“We’ve been a challenger even in Europe, and now it’s about taking that mindset and lessons learned and attacking a new market and explaining why we’re better.”
Don’t go for the obvious: What will drive slots’ evolution?
As someone who obviously knows what he is talking about, the question of what will shake up slots is one Hammon is asked a lot. After all, slots is a sector that has arguably only had two milestones that have truly changed the industry since Microgaming put the first game online in 1994.
So what, after country-specific regulation and mobile gaming, will be the next cataclysmic change for the industry?
Hammon admits that people expect him to say something inspired and visionary. Instead, he argues economic viability is going to be the driving force of change in the next three to four years.
“It’s probably not sexy, but I think it’s true,” he says. “If you’re talking about the shift of brands, volume, perception, it’s going to come down to the fundamentals of ROI.
“I think pure economics of the business, especially as a supplier, will define the next change. So, in my honest opinion. I think you’re going to see seismic shifts.” It’s already happening, he says, with leading slot brands now relegated to components of larger entities.
As up-and-coming brands fight for wallet share, contributing to the fierce competition across the market, coupled with tighter regulation and increased costs, not to mention wider macroeconomic pressures, the industry is changing rapidly. The ones who stay the course, and what their businesses look like after doing so, are going to be the ones to watch, he says.
It might not be as buzzword-worthy as multiplayer slots, but for Hammon the business side is the most interesting part of the industry. “If you’re not in tune with that, and are not aware of the risks thereof, you won’t be surviving down the line.”
It harks back to the issue of volume hitting the market each month; with so much content on the market, it’s harder to stand out. “That’s only sustainable for so long,” he continues. “So the [economics] question is coming. It will have a natural conclusion for many in the coming years, and it will change the dynamic.”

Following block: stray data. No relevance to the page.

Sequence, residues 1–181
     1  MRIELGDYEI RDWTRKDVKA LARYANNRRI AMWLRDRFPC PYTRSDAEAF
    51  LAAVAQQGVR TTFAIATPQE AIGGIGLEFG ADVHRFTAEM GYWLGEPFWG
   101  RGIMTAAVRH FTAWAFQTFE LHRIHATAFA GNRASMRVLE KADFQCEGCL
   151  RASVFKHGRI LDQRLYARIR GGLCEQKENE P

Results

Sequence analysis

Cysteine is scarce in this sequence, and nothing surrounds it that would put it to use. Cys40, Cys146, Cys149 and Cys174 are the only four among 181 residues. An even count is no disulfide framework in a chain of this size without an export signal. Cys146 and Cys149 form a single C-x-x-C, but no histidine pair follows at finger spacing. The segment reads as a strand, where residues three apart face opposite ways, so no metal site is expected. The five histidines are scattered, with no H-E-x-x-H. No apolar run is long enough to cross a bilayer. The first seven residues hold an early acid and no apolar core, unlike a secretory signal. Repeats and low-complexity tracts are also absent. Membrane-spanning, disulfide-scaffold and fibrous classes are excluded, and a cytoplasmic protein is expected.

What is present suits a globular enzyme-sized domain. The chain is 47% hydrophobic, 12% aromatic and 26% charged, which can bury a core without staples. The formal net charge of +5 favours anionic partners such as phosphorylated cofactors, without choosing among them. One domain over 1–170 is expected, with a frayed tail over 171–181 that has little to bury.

Never lose your sense of wonder: Is the industry getting stale?
Yet even with this wave of change headed the industry’s way, Hammon admits the sector is in some ways feeling a little staid. He feels the value of the industry media is becoming a little “watered down”, and an influx of awards ceremonies are devaluing the concept.
He’s also keen to see a new breed of industry professionals come in, breaking up the established order of executives moving from business to business. “I think there are a lot of people getting employed who claim to have certain knowledge – the reality is that they just don’t have that experience,” he says. “I think that dynamic and the nature of just sourcing enough good quality, passionate, experienced people rather than just promoting people from within because they’re just there.
“I wish there were a few more challengers hungry for success. I think the industry generally needs to actually recruit from outside the industry. I’m talking about hungry people from different sectors who can bring perhaps an extra tier of professionalism in certain areas.”
But what he feels is slipping most is the sense of wonder at new games. “There was a time when you would go and present a game and you’d get you excited to do it. The operators in the room were asking, ‘What are you coming out with? What’s next?’.”
With control of Relax, it’s his mission to bring that sense of wonder back. Relax will look to do so with Money Train 3, which is in development, as well as with a number of new features, innovations and market launches.
“Then again that presents its own challenge. I mean, how do you do it? How do you create that hype? How do you get people talking about you, saying, ‘Look what they’ve done?’
“[But] when you do it, it’s perhaps even more rewarding.”